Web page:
ISS Space

Expedition 39 Mission concludes

Yesterday Station Commander Koichi Wakata handed control of the International Space Station to US Astronaut Steve Swanson to begin the final stage of the TMA-11M crews return to earth.  Mikhail Tyurin, Rick Mastracchio and Koichi Wakata have spent the last 188 days on the space station, during which time they saw the departure of Progress M-22M, the arrival of Progress M-23M, the arrival of the SpaceX Dragon, undocking and re-docking of the Progress M-23M to test KURS-NA.  In addition due to the failure of the MDM a spacewalk was added to the manifest.

Today the three crew members bid farewell and then entered their Soyuz capsule concluding with the closing of the hatchway between the station and capsule at 3:26 p.m. EDT.  After the leak checks were completed the Soyuz TMA-11M undocked from the station at 6:36 p.m. EDT and slowly moved away from the station.

At 9:04 p.m. EDT the deorbit burn was performed beginning the return to earth for the crew which concluded with the safe touchdown of the crew module at 9:58:30 p.m. EDT.  The crew were successfully removed from the module after landing and are doing well.

The following are images capture from NASA TV of the different events today.

Commercial ISS Mars SkyNet Space

Weekly Blog 5/9

This week in Space News

SpaceX launch of Orbcomm OG2 satellites delayed

The planned launch of six commercial communications satellites for Orbcomm has been delayed.  The planned static fire test on Thursday was called off after SpaceX ran into technical trouble during the countdown.  The static fire test was rescheduled for Friday but was stopped while the rocket was being fueled.  SpaceX announced that the OG2 satellites and rocket was in a safe condition and would be rolled back to the integration facility.

At present a new launch date/time is not available.

Judge rules Russian engine purchases can continue

Judge Susan G. Braden has reversed the injunction she issued in the case that SpaceX filed against the ULA Block Buy.  While SpaceX didn’t explicitly request action to stop ULA buying the engine’s this was the first action taken by the count after the filing of the case.  This follows letters submitted to the court from the Treasury and State departments stating that NPO Energomash was not subject to the sanctions.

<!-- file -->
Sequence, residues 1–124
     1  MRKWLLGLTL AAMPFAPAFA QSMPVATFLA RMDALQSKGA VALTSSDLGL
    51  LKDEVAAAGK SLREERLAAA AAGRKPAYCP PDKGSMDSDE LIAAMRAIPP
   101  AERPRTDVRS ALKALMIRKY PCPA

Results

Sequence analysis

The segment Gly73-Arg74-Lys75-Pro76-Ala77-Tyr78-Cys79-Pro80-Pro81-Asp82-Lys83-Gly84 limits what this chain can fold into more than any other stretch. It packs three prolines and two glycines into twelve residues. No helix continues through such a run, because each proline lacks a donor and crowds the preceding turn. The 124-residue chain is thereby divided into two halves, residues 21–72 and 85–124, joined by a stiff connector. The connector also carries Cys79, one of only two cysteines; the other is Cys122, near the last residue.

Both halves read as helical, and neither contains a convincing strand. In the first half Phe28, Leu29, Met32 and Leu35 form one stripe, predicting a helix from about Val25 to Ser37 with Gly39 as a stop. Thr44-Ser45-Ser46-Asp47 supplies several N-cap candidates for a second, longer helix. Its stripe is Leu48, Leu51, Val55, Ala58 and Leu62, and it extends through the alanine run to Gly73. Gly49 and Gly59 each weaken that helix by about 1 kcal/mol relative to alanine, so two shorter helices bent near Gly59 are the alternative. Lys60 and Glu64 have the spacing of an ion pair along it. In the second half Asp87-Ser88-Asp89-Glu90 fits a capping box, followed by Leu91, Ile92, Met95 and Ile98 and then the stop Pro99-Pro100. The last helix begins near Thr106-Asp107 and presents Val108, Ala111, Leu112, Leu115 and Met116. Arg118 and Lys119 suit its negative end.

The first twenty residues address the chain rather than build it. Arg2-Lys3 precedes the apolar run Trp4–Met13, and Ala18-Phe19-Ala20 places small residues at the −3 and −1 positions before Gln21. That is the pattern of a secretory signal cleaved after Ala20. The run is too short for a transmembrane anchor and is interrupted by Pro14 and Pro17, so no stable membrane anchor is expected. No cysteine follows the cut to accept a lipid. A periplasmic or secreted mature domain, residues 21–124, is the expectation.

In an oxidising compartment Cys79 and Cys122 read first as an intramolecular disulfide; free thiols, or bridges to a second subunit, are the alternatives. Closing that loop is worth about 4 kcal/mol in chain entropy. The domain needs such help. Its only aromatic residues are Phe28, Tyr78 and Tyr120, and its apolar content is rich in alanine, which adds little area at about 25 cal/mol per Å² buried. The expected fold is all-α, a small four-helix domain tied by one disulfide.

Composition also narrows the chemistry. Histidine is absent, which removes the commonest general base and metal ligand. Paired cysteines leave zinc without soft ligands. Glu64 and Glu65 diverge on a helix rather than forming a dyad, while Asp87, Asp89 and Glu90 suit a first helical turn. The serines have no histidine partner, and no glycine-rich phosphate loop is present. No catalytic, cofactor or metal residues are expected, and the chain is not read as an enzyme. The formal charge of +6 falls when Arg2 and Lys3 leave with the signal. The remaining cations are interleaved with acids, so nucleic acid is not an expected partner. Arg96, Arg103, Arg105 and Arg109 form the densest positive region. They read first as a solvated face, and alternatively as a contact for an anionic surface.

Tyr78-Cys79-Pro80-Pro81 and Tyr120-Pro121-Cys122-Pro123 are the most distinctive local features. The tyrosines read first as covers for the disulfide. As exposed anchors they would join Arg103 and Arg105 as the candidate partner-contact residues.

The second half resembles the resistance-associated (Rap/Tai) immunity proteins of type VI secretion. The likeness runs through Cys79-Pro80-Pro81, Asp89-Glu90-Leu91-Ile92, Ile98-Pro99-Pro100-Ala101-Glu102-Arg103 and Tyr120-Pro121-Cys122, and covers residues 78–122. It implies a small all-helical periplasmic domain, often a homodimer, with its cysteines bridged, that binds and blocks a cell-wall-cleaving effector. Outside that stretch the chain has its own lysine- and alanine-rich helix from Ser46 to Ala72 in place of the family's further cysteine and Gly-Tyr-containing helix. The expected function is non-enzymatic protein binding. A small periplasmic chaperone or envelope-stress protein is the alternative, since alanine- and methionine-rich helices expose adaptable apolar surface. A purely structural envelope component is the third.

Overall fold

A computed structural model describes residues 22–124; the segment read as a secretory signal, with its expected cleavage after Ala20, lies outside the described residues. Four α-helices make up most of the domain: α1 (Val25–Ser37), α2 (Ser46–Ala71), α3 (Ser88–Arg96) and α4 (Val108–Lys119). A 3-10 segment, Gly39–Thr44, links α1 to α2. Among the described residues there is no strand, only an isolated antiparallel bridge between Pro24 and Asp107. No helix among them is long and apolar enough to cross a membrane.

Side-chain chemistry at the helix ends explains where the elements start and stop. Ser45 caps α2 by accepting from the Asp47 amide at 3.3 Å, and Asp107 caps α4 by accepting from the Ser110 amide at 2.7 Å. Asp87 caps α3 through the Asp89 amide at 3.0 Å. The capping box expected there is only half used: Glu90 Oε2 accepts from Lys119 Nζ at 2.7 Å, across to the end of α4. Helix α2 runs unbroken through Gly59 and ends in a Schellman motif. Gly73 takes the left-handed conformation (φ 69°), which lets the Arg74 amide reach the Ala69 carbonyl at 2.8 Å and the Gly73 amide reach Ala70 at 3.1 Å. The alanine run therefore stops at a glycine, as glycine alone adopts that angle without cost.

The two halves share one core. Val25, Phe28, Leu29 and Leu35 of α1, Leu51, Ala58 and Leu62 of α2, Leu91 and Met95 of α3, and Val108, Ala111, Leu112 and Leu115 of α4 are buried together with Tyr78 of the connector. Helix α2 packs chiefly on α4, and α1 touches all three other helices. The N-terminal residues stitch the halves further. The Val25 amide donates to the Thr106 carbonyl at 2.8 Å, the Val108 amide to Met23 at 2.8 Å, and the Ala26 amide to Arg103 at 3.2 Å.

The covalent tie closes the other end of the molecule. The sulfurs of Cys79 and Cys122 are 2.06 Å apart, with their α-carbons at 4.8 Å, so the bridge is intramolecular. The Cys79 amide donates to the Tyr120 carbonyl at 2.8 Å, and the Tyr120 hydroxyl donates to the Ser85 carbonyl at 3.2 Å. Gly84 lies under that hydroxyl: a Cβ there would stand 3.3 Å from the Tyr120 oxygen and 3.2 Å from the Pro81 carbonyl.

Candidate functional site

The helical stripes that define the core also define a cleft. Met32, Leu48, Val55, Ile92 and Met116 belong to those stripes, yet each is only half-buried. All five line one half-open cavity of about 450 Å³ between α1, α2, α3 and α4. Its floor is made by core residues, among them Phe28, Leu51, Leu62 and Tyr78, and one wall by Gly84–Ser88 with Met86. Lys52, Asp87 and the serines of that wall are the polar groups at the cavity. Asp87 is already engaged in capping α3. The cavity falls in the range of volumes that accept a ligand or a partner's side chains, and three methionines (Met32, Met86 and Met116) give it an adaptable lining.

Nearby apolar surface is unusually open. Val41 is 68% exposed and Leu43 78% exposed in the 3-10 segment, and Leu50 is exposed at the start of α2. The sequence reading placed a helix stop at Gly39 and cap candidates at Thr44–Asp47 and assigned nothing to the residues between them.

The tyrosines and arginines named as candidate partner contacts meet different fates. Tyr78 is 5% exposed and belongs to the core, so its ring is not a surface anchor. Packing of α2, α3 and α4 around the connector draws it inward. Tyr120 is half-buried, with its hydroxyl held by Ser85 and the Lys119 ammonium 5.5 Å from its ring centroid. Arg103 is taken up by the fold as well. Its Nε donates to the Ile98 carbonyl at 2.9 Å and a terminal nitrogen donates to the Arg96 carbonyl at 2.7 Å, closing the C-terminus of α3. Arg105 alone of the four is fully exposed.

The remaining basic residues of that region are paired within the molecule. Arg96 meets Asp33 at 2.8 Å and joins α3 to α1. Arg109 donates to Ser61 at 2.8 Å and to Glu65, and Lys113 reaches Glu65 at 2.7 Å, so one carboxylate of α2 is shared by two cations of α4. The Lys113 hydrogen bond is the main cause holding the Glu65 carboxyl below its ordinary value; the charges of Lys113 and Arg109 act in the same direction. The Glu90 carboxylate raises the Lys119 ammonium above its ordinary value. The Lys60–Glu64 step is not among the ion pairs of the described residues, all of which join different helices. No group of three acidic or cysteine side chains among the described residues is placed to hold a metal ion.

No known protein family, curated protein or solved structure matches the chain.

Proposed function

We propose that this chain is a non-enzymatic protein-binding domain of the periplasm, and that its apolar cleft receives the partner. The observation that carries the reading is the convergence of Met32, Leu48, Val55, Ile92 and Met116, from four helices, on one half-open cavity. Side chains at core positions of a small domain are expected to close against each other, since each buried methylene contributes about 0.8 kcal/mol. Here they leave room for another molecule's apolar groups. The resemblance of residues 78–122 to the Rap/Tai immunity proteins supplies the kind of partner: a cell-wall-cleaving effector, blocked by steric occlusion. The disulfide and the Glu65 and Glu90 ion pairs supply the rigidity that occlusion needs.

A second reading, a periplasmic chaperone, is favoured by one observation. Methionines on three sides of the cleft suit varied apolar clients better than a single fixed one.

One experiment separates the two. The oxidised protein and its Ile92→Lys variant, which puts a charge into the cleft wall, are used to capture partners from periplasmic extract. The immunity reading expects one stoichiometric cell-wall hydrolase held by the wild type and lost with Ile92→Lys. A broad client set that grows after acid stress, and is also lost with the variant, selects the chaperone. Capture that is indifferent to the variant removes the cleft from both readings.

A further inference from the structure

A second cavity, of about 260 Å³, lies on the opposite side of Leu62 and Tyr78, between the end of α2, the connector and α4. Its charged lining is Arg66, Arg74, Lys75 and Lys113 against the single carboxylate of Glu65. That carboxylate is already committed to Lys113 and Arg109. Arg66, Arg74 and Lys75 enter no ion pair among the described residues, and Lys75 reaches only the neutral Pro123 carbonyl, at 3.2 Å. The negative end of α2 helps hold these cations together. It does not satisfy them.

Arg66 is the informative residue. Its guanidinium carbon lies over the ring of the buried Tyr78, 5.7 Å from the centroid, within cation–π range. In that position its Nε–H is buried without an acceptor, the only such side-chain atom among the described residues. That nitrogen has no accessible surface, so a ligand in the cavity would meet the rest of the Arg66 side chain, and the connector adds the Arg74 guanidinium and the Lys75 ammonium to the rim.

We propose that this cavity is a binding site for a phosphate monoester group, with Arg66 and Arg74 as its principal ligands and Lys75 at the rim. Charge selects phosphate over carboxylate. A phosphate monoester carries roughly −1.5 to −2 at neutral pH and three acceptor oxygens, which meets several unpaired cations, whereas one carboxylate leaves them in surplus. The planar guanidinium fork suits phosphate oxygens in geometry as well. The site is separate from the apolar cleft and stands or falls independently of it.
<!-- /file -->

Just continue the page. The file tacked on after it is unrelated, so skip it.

Curiosity drills into Martian sandstone

This image recorded by Curiosity's mast-mounted camera shows the drill site at Windjana.
This image recorded by Curiosity’s mast-mounted camera shows the drill site at Windjana.

This week Curiosity successfully drilled into Martian sandstone.  The rock dubbed “Windjana” was selected for the drill site.  Over the next couple of weeks the rover will collect samples of the fine grained samples into a pair of research instruments.

This is the first time Curiosity has drilled into Sandstone, having samples Mudstone previously in 2013.


Russian spy satellite launched by Soyuz

This week a Russian Soyuz rocket successfully launched a clandestine payload from the Plesetsk Cosmodrome in northern Russia.  Likely a Kobalt-class imaging satellite for the Russian Military.

Station crew members prepare to return home

Three of the station residents have entered their last week aboard the orbiting complex.  Commander Koichi Wakata, Flight Engineer Rick Mastracchio and Cosmonaut Mikhail Tyurin will be returning to earth May 13th inside their Soyuz TMA-11M spacecraft having spent 187 days onboard.

Former Astronaut Kent Rominger answer questions on Twitter

This week Astronaut Kent Rominger who now works for ULA answered questions on Twitter during a #SpaceChat session.  Among the questions asked was one from us regarding SLS









And finally

This week I signed up for an online Astronomy course which includes time controlled several robotic telescopes around the world.  Below are a couple of images I have processed so far as part of the course.

If you are interested in leaning more check it out here.


International Space Station US EVA 26 complete

Earlier today Astronauts Rick Mastracchio and Steve Swanson stepped outside the International Space Station for a 1h 36m spacewalk to replace a failed Multiplexer/Demultiplexer (MDM) unit.  In addition they completed a get-ahead task to remove two lanyard’s from the Secondary Power Distribution Assembly SPDA doors, this will allow the Special Purpose Dexterous Manipulator attachment of the Canadarm2 to access the unit in future.

This was Rick’s ninth spacewalk who now has a total of 53h 4m under his belt moving him to 5th in the all time EVA list, and Steve’s fifth for a total of 27h 58m.

The replacement of the MDM unit went very smoothly and was successfully powered up while the Astronauts were still outside. Steve Swanson then moved on to the frist SPDA lanyard removal which was also successfully completed.  However during checkout of the SPDA door he wasn’t able to open it.  After further troubleshooting and some brute force Steve was able to resolve the issue.  Steve then moved on to the second SPDA door which was also complete successfully.

Despite starting slightly later than planned the two Astronaut’s completed the EVA ahead of time.

Below are screen captures of the spacewalk taken from NASA TV.